Over the past six months, the World Health Organization has categorized four SARS-CoV-2 variants as being “of concern” because they are more transmissible or may escape the immune response. They have been termed the Alpha, Beta, Gamma and Delta variants.
Scientists from the Institut Pasteur, in collaboration with the French National Health Insurance Fund (CNAM), Ipsos and Santé publique France, conducted a nationwide case-control study to evaluate the effectiveness of mRNA vaccines against symptomatic forms of SARS-CoV-2 infection, be that non-variant virus or the Alpha and Beta variants. The results show that the two-dose vaccination regimen of mRNA vaccines provides 88% protection against non-variant virus, 86% against the Alpha variant and 77% against the Beta variant. The results of this study were published in The Lancet Regional Health Europe on July 14, 2021.
In late 2020, two new variants of SARS-CoV-2 were reported in the United Kingdom and in South Africa, respectively. This occurred at a time when the United Kingdom was experiencing a resurgence in the incidence of SARS-CoV-2 infections. This was later attributed to the emergence of the Alpha variant, which has now demonstrated increased transmissibility as compared to the original SARS-CoV-2. The Beta variant was first reported in South Africa and later identified to carry a mutation known as E484K and which is associated with immune evasion. The reporting of the first SARS-CoV-2 variants occurred as mass COVID-19 vaccination campaigns were commencing at global level. In France, both Alpha and Beta were circulating in the first months of 2021. It was therefore important to analyze the effectiveness of the messenger RNA (mRNA) COVID-19 vaccines against these SARS-CoV-2 variants of concern.
In October 2020, the Institut Pasteur, in collaboration with the French National Health Insurance Fund (CNAM), Ipsos and Santé publique France, launched the ComCor study, a case-control study at national level to analyze the sociodemographic, behavioral and practical factors associated with SARS-CoV-2 infection. All those infected with SARS-CoV-2 were invited to take part in the study by the CNAM, while non-infected control were identified through an Ipsos representative panel. The first results of the study were published in The Lancet Regional Health on June 7, 2021.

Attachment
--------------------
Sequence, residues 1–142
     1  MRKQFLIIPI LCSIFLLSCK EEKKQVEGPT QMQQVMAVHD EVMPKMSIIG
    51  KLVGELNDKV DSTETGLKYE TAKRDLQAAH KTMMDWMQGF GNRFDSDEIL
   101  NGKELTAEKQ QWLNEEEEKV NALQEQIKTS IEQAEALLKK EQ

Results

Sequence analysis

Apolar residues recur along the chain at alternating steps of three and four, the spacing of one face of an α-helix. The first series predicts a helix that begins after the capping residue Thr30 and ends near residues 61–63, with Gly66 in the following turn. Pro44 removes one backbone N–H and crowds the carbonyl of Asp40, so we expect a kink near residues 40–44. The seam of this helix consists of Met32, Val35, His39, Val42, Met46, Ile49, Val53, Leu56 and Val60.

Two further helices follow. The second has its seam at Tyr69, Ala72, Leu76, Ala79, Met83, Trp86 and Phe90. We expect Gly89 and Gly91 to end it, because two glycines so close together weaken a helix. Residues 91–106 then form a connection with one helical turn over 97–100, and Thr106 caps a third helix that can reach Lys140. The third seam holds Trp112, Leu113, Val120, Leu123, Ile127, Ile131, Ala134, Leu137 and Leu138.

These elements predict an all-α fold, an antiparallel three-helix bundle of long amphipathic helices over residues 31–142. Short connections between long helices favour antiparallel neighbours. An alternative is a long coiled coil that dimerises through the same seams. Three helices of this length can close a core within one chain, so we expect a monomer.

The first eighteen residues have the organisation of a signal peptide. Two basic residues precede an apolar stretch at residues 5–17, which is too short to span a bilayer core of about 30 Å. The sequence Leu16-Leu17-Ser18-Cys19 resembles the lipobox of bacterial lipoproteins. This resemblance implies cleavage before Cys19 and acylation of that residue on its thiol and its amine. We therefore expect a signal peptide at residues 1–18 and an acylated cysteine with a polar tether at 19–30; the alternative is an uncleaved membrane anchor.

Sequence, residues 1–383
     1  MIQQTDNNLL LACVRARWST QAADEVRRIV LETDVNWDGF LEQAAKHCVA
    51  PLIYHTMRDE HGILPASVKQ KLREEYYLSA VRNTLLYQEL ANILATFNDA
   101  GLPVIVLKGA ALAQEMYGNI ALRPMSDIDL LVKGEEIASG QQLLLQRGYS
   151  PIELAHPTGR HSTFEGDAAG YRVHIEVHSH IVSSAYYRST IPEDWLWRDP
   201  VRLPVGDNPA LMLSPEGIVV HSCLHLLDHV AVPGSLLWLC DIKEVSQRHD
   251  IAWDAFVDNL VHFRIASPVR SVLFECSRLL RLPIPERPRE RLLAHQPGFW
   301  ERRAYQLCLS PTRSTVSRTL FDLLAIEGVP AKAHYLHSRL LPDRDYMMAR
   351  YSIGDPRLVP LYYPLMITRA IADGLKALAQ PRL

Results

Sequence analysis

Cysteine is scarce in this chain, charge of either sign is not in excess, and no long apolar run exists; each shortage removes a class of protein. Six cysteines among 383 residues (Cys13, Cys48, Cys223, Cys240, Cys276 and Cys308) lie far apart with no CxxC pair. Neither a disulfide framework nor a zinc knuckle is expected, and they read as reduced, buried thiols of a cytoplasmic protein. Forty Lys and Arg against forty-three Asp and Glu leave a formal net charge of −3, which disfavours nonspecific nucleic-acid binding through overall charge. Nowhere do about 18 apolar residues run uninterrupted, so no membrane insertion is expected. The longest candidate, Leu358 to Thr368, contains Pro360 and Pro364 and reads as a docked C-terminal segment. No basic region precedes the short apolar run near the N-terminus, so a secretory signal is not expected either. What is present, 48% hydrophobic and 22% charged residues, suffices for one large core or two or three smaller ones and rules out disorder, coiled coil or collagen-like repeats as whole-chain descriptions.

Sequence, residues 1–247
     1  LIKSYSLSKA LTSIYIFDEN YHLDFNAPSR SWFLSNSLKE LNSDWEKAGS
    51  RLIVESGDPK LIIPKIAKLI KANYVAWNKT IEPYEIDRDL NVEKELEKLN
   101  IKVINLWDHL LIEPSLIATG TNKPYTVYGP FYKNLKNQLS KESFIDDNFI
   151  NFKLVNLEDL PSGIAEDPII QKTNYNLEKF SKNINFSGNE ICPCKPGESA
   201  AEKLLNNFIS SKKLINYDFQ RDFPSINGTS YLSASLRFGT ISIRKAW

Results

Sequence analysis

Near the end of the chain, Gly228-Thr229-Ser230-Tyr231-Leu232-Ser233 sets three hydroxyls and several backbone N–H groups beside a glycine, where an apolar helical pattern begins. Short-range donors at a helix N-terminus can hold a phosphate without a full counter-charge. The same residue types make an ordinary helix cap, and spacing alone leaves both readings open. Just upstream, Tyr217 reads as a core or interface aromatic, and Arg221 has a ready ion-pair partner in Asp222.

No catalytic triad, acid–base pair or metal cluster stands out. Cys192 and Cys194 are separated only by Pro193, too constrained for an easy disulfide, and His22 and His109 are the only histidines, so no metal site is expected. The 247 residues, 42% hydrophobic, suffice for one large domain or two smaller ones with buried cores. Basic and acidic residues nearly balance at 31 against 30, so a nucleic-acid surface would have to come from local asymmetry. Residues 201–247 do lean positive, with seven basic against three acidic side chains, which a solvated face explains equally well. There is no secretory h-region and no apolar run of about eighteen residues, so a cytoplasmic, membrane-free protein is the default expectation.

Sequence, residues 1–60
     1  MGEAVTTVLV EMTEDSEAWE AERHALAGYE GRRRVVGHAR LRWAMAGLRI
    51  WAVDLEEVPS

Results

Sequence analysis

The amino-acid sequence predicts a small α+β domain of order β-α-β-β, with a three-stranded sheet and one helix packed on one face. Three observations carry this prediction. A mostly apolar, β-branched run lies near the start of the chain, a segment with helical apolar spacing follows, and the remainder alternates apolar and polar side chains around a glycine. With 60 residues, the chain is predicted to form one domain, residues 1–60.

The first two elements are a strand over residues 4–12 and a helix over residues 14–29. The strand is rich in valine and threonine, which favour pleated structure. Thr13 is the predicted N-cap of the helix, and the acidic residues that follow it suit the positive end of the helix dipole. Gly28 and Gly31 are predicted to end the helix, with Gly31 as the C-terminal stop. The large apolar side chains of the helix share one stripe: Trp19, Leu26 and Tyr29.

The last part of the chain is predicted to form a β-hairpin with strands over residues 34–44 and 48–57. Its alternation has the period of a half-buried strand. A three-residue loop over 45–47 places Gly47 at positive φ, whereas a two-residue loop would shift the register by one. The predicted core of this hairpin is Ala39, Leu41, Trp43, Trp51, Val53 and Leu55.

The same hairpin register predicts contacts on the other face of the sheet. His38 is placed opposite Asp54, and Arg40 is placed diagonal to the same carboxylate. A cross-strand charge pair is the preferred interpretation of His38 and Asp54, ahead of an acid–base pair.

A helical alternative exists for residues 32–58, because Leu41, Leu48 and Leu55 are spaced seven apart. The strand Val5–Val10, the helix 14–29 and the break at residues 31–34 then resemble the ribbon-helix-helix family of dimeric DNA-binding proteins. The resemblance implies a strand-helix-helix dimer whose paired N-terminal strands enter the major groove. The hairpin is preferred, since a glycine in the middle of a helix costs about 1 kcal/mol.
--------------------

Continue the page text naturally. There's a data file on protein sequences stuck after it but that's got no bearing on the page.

In February 2021, the scientists adapted the ComCor questionnaire to add information about vaccination against COVID-19, previous SARS-CoV-2 infection and information on the variants responsible for infection, provided as part of test results. This information was used to assess the effectiveness of two doses of mRNA vaccine against the Alpha and Beta variants, and to evaluate the protection conferred by previous SARS-CoV-2 infection.
In this study, 7,288 people infected with the original strain, 31,313 people infected with the Alpha variant, 2,550 people infected with the Beta variant and 3,644 non-infected controls were included between February and May 2021. The study enabled the scientists to demonstrate that two doses of mRNA vaccine conferred 88% (81-92) effectiveness against infection with original virus, 86% (81-90) effectiveness against infection with the Alpha variant and 77% (71-90) effectiveness against infection with the Beta variant, as measured seven days after the second dose. No difference in vaccine effectiveness was found between different categories of age, sex or occupational exposure.
“There was much expectation surrounding the (vaccine effectiveness) results for the Beta variant, known for its E484K mutation associated with immune evasion. Our estimate of 77% protection is very close to the estimate of 75% reached by the only other study worldwide to have evaluated the effectiveness of mRNA vaccines against this variant. These analyses confirm the effectiveness of the COVID-19 vaccines and the key role that they have to play in tackling the epidemic,” explains Arnaud Fontanet, Head of the Epidemiology of Emerging Diseases Unit at the Institut Pasteur and Professor at the Conservatoire National des Arts et Métiers (CNAM).
Another important finding of the study related to previous SARS-CoV-2 infection. The scientists demonstrated that recent infection (in the past 2 to 6 months) confers similar protection to that observed with mRNA vaccines.
The analyses will now be extended to estimate vaccine effectiveness against the Delta variant, which has been the dominant variant in France since early July 2021.
The ComCor project is funded by REACTing, the Fondation de France via the “All United Against Coronavirus” alliance, and the Institut Pasteur. It was recently awarded the CAPNET “national research priority” label.
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